After two years of lockdowns, offices are almost unrecognisable. In many of them, staff are returning under a hybrid model, working from home a few days a week and coming in for the others. Some organisations slashed their floor space during the pandemic, making what is left feel distinctly cramped, while others have removed desks, and look a lot like departure lounges. A lot of us are hot-desking for the first time in our working lives, without a desk, chair, computer or pot plant to call our own.
And people have changed, too. Much to the disgust of Jacob Rees-Mogg and Boris Johnson, after two years of WFH we have got used to wearing jogging pants, talking to our pets, cooking our own lunches, picking children up from school and doing mid-morning naked yoga while also getting our work done. So, as the commuter trains start to fill once more and the mug cupboard gets its first proper action since early 2020, what are the rules of this new office life?
How do I survive all these meetings? At least when I was Zooming I could pretend the wifi had gone down.
“When it comes to meetings, we should be having less of them,” argues Cary Cooper, professor of organisational psychology and health at the Alliance Manchester Business School, and co-author of Remote Workplace Culture. “If you have them, have them quick and have them late. Instead of having it at 9 o’clock where it can go on until 12, have it at 11.30, because everyone gets hungry at 12.30. Three-hour meetings are useless. Reach your goddamn decision and don’t have game-playing.”
You can also set an alarm on your phone to go off 10 minutes into one of those scheduled informal “chats” that can fill the soul with dread. Once your phone starts vibrating, you can claim it’s an urgent call to do something – anything – else.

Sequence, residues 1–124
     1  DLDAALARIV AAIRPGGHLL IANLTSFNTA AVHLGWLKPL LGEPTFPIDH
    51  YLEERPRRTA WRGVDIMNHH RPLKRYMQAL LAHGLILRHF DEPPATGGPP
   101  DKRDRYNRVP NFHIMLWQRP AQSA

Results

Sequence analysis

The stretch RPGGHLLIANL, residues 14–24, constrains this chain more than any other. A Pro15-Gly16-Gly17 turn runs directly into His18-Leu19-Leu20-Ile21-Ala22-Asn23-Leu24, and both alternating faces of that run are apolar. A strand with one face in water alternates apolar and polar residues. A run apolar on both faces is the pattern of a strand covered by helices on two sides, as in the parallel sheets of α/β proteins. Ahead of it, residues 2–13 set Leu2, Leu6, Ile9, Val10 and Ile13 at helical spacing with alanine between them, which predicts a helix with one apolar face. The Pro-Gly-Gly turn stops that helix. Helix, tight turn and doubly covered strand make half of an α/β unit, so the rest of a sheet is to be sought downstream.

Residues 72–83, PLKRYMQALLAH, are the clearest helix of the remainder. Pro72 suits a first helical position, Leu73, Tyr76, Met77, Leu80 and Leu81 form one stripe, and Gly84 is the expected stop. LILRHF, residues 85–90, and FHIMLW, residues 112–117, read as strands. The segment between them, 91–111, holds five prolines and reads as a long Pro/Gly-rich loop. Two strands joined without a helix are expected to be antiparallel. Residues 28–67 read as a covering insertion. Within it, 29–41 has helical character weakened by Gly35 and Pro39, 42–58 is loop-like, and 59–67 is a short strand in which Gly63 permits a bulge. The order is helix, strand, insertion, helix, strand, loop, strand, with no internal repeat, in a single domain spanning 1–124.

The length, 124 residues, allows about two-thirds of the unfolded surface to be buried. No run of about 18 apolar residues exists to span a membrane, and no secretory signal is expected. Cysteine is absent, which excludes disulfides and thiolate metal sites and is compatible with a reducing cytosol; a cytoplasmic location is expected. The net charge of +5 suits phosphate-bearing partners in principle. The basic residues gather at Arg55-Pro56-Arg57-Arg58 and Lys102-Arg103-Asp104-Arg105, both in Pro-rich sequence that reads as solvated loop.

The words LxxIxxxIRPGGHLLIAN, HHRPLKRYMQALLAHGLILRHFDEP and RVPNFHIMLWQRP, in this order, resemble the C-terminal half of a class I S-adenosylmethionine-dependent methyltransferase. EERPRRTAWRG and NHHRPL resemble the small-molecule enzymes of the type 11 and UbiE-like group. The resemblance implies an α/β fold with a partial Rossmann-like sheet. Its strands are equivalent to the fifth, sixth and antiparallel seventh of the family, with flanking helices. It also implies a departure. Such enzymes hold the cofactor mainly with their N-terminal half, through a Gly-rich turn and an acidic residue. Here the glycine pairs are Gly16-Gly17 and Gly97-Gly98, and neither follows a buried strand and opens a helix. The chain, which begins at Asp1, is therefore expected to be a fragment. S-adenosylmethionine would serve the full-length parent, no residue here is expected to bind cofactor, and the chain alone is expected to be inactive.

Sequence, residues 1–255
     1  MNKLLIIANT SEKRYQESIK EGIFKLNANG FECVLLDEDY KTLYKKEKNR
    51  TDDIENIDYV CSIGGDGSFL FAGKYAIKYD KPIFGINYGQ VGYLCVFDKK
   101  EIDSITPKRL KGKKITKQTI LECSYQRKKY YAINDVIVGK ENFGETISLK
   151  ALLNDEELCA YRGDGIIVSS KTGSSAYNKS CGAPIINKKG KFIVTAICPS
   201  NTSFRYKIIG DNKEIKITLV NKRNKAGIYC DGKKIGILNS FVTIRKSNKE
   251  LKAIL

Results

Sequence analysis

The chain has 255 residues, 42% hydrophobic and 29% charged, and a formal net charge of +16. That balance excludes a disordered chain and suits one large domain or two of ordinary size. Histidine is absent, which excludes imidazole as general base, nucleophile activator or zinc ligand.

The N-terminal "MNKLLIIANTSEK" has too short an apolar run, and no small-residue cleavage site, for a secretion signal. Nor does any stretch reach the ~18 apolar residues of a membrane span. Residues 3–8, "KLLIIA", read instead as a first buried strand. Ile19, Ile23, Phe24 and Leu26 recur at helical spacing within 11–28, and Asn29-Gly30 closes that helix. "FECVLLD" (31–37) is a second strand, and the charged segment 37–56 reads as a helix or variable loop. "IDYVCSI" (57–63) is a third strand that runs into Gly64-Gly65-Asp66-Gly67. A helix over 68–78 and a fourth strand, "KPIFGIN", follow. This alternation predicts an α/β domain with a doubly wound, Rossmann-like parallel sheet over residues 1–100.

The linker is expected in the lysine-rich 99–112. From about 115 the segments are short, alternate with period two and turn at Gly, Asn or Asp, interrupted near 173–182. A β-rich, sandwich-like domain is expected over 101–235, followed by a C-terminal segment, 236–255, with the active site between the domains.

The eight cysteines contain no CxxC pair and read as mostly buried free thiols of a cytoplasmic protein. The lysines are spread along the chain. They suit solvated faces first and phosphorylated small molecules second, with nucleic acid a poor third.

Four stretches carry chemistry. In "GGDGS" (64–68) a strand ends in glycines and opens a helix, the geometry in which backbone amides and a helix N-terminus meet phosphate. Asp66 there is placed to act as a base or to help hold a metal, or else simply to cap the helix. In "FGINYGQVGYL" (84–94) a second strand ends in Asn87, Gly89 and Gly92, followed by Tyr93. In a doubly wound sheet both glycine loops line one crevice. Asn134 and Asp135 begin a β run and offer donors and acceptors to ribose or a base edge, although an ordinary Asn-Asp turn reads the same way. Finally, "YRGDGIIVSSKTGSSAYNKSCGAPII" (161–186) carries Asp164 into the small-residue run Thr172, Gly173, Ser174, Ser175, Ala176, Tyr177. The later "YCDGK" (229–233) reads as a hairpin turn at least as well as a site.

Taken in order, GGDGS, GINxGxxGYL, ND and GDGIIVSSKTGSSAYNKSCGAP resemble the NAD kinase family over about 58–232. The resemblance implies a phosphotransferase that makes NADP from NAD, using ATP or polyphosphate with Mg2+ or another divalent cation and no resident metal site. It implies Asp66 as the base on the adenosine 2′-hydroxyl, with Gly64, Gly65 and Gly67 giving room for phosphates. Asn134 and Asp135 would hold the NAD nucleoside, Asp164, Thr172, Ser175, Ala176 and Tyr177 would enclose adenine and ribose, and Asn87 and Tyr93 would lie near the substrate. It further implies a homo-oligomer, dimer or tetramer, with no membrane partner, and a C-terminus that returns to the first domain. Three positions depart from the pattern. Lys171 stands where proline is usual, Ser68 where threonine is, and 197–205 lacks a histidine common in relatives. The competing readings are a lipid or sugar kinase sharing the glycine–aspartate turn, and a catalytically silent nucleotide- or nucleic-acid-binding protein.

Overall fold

And if someone corners you when you’re trying to wrap up for the day? “If someone was hovering around my desk, I’d just explain that I want to go home and see my kids,” says Cooper. “But I’d add that I’ll give them a call and talk properly another time.”
Everyone in my office stinks – perfume, gym, feet, cigarette smoke, aftershave, fruity vape clouds, breath. How do I cope? Should I tell them? Might they not realise?
The onion armpits, the stagnant gym bag, the Hoover-bag breath: it is sort of amazing anyone ever sleeps with their colleagues. “If you’re in a position of responsibility and they are in your team and it was becoming a problem for business – say they were stinking out meeting rooms or clients were saying something – then I think it would be worth saying something, as long as they are your junior,” suggests etiquette expert Jo Bryant. “I don’t think you can start telling your boss they smell – it’s not going to go well.”
But how exactly do you tell a colleague that they hum? “I think it would be worth saying: ‘Somebody noticed a smell the other day in a meeting, so I’m just asking everybody to double-check that jackets and shirts are clean.’” In other words, make it vague and make it anonymous. “Explain that you’re just doing a team-wide thing – everybody’s checking, because something has been said; you can’t say by who.’”
And if it’s your boss? My primary schoolteacher mum always swore by a dab of tiger balm under your nostrils, Olbas oil on your collar or mentholated chewing gum to block out the stench of other people’s bodies. Or maybe you should invest in a really heavy-duty face mask.